Had the authors of the ministry report followed the systematic monitoring available, they would have been aware that the Minority Rights Group monitors have, on the whole, found a positive dynamic in Ukraine.  The worst years for anti-Semitism in Ukraine were in 2007 and 2008, and the situation has largely been improving since then. 

Moscow’s attempt to paint the post-Maidan government in Ukraine as, in Russian President Vladimir Putin’s words, "a rampage of reactionary, nationalist and anti-Semitic forces” has been backed by a massive propaganda machine, but came up against something even more formidable in 2014. 

Prominent Jewish figures very publicly rejected such claims and in November 2014, several Jewish organizations passed a resolution in which they "called on the international community to be extremely careful in any evaluation of the situation regarding anti-Semitism in Ukraine coming from outside our country."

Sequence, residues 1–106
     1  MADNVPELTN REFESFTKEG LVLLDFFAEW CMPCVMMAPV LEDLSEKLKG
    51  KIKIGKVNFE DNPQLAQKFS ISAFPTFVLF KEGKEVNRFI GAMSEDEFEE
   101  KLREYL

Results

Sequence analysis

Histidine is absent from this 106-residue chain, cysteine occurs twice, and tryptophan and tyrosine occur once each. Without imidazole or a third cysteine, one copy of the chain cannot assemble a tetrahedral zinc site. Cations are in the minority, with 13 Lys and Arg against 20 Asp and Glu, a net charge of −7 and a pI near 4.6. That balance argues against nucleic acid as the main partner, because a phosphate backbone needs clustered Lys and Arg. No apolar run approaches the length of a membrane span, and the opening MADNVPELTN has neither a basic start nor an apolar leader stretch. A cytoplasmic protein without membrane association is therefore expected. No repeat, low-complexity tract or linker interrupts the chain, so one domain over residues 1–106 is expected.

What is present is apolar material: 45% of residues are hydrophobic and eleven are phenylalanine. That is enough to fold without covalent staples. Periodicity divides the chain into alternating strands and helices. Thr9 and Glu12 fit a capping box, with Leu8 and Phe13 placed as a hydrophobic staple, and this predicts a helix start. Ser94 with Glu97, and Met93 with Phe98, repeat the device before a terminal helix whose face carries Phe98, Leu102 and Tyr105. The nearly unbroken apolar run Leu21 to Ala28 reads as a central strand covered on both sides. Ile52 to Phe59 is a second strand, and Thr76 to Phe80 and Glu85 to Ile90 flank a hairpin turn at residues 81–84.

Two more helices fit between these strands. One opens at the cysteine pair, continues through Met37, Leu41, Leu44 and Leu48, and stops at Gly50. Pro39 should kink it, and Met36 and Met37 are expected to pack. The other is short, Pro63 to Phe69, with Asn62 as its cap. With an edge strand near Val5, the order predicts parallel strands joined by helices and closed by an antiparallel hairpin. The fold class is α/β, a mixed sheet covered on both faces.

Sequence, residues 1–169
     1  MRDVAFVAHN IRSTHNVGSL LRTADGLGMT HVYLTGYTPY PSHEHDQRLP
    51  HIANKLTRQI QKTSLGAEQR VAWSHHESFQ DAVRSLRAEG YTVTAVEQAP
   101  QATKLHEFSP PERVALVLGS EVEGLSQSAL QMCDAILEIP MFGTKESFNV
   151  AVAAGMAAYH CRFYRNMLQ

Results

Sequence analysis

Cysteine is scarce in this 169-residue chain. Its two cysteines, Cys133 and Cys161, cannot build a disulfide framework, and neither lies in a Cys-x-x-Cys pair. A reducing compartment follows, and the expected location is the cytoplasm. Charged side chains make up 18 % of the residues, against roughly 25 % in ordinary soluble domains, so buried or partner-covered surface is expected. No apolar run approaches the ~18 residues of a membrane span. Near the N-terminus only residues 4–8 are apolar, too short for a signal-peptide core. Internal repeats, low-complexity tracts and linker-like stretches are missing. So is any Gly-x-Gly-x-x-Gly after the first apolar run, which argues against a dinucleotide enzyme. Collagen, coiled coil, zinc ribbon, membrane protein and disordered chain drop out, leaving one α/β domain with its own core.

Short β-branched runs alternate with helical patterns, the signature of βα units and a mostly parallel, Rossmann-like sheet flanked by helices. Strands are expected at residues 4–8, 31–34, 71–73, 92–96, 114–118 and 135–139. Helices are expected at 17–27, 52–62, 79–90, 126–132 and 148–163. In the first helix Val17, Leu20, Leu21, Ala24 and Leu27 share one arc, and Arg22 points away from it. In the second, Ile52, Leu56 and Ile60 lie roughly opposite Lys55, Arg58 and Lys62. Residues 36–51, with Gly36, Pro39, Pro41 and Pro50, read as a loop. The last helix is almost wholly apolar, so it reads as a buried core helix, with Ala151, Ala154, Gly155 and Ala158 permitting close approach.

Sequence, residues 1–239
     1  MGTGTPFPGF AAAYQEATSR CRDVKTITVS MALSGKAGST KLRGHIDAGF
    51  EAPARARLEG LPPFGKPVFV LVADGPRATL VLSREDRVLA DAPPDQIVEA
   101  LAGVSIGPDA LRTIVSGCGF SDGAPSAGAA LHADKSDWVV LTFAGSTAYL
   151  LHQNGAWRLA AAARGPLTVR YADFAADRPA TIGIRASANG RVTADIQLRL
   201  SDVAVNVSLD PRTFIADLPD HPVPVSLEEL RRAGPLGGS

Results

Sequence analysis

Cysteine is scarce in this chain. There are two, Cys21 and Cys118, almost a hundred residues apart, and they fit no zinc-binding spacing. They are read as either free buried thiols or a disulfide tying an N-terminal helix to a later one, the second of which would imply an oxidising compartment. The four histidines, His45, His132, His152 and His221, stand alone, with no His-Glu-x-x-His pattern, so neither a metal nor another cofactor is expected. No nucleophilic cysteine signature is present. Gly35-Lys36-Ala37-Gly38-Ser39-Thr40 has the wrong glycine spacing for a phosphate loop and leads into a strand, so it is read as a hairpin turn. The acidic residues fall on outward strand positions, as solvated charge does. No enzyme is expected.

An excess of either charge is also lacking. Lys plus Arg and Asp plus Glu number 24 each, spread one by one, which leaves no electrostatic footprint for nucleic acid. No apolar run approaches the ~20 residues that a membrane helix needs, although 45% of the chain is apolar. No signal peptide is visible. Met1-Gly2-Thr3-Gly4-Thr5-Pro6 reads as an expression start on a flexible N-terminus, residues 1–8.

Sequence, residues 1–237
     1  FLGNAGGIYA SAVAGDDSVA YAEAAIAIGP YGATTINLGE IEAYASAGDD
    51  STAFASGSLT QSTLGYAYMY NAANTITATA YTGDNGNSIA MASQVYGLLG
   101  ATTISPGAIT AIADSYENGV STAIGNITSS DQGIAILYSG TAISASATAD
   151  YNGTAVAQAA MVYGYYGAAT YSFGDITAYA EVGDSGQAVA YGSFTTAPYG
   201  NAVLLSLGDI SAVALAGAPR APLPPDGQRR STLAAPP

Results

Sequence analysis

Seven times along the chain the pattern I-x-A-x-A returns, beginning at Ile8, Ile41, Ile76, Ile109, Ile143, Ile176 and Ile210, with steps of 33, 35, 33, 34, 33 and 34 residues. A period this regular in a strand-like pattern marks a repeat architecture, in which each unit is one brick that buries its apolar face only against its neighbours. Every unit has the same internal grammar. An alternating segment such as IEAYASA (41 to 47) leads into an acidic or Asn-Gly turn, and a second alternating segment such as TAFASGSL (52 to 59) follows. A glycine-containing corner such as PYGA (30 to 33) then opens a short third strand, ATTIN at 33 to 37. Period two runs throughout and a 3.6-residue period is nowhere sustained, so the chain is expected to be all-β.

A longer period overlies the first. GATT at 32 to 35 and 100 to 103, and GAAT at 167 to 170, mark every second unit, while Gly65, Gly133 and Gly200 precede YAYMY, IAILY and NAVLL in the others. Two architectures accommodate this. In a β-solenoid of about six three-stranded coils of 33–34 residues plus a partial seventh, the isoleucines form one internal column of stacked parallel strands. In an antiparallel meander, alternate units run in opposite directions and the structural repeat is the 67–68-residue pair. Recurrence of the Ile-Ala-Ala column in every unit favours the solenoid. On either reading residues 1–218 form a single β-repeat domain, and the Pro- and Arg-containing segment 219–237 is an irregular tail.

Likhachev, VAAD and, sometimes, local Jewish communities have also alerted the public, both in Ukraine and beyond, to overt fakes and provocation.  In October 2014, the Odesa Jewish community was forced to issue a formal statement denying lurid, frightening and entirely untrue Russian media claims that Ukraine’s extreme Right Sector party had "declared war on Jews in Odesa."  The police recently initiated an investigation into the sudden appearance of foul anti-Semitic graffiti in Odesa.  It remains to be seen what they come up with, but the Internet publication Dumskaya was clearly a little sceptical and noted that one of the messages, supposedly written in Ukrainian by Ukrainian nationalists had spelt Holocaust as though in Russian.